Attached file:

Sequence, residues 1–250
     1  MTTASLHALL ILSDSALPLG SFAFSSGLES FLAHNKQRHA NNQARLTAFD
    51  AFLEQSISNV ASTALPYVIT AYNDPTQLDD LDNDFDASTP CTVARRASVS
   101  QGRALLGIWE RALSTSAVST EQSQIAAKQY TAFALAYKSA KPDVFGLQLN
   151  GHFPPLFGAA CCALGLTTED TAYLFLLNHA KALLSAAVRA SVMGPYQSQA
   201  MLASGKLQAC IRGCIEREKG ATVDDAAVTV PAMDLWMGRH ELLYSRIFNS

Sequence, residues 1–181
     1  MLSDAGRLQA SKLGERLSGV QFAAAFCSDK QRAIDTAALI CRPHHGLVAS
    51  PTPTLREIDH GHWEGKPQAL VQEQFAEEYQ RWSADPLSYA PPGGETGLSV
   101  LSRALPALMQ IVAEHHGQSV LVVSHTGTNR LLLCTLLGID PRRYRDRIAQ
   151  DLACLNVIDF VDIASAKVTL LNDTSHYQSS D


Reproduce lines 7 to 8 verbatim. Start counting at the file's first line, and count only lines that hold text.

Sequence, residues 1–181
     1  MLSDAGRLQA SKLGERLSGV QFAAAFCSDK QRAIDTAALI CRPHHGLVAS